Embracing Proximity, Part 2: Getting Messy

There is a time for everything, a time for getting close and a time for backing off, a time for getting messy and a time for staying clean. I think the former should be a prominent feature of the Christian life, but we often to default to the latter. It is just easier that way. But, convenience always comes at a cost.

What do you think? If someone had one hundred sheep and one of them wandered off, wouldn’t he leave the ninety-nine on the hillsides and go in search for the one that wandered off? If he finds it, I assure you that he is happier about having that one sheep than about the ninety-nine who didn’t wander off. In the same way, my Father who is in heaven doesn’t want to lose one of these little ones. (Matthew 18:12-14, CEB)

'Shepherd and Sheep' by Anton Mauve

‘Shepherd and Sheep’ by Anton Mauve

Here the shepherd felt that “cutting his losses” at one sheep was too costly compared to the convenience of staying back with the ninety-nine. Jesus said that God feels the same way about us.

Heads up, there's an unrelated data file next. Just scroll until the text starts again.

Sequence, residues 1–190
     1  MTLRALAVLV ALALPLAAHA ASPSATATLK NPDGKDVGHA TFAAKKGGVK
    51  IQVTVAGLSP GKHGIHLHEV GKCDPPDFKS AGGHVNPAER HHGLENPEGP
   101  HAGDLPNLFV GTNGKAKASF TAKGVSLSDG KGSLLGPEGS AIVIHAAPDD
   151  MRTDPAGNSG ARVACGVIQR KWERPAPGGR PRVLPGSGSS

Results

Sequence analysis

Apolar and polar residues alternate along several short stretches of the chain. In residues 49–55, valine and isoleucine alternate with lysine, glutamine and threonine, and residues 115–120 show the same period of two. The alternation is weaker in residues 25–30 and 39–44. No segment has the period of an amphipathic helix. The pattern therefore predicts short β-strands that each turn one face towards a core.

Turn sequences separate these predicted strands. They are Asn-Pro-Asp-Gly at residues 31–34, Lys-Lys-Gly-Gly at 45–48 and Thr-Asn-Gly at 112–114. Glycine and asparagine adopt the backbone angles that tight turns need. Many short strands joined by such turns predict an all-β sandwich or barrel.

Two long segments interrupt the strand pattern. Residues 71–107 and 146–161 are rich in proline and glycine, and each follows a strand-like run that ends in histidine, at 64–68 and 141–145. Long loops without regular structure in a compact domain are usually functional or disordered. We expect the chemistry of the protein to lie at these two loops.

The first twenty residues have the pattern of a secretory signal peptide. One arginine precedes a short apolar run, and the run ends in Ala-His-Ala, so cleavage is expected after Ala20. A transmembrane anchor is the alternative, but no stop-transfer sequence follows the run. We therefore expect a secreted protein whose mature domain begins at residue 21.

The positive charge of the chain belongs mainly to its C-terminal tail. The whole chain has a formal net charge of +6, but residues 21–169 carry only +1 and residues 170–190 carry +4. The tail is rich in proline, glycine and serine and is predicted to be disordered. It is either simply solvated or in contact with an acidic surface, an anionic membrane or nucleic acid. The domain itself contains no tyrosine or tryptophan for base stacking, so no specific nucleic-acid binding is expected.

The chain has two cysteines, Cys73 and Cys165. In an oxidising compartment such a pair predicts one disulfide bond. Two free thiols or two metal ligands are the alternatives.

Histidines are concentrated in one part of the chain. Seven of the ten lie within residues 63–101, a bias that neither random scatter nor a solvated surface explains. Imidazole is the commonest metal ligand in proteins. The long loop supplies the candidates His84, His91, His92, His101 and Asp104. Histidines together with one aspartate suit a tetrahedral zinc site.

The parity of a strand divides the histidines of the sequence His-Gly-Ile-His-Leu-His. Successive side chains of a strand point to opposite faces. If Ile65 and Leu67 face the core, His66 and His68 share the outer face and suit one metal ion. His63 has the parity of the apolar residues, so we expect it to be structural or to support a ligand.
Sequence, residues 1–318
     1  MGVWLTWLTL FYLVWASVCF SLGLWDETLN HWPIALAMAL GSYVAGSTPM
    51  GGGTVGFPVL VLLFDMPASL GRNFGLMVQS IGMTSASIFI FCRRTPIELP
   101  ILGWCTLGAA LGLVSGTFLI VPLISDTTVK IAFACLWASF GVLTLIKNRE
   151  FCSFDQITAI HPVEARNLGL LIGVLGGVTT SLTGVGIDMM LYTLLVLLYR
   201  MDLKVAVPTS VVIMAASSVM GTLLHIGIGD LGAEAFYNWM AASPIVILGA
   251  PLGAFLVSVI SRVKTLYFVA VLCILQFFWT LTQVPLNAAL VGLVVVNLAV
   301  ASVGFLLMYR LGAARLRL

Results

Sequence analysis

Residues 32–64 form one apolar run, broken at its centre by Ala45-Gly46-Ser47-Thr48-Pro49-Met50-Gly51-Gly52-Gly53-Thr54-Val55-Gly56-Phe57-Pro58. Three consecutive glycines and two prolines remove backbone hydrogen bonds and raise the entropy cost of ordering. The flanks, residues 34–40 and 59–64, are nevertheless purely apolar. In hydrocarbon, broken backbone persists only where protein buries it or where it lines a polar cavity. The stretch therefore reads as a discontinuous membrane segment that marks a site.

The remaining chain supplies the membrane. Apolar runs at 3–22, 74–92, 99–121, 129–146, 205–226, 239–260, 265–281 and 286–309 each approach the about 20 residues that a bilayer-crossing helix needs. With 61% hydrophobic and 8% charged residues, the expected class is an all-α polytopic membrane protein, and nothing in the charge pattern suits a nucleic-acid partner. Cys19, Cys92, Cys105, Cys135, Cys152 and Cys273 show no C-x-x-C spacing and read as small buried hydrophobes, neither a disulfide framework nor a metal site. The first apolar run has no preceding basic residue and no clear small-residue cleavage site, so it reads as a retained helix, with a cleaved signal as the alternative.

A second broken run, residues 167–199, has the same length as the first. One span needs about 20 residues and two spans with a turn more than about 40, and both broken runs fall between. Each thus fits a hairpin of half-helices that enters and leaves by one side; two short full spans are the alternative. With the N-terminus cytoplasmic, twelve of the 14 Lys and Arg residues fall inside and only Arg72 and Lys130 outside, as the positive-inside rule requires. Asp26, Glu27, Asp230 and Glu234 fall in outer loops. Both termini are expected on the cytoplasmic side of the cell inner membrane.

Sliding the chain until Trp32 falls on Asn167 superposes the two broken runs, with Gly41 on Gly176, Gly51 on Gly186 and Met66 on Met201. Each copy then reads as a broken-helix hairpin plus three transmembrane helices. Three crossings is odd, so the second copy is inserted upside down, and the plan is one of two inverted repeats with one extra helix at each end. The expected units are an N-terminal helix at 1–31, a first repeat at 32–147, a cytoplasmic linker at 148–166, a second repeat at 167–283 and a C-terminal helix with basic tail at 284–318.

This required the shepherd to get messy, to get involved, in order to restore this sheep to his flock. It was a price worth paying.

Yes, there is a time for distancing ourselves, but but it should be a means of ensuring and/or restoring safety. It should not be a lifestyle. Let’s face it, life is messy and not always safe. It takes getting close to the lost, the broken, the sinner, the other if we want to God’s kingdom established in our world. It’s God’s mission. Is it ours?

I admit that these are hard words to swallow. It goes against my inclinations of self-preservation and comfort, but my prayer is that by getting messy a little bit at a time, I will begin to see and love people as Jesus does. This is my prayer for you, too.

Grace and peace,
Brook

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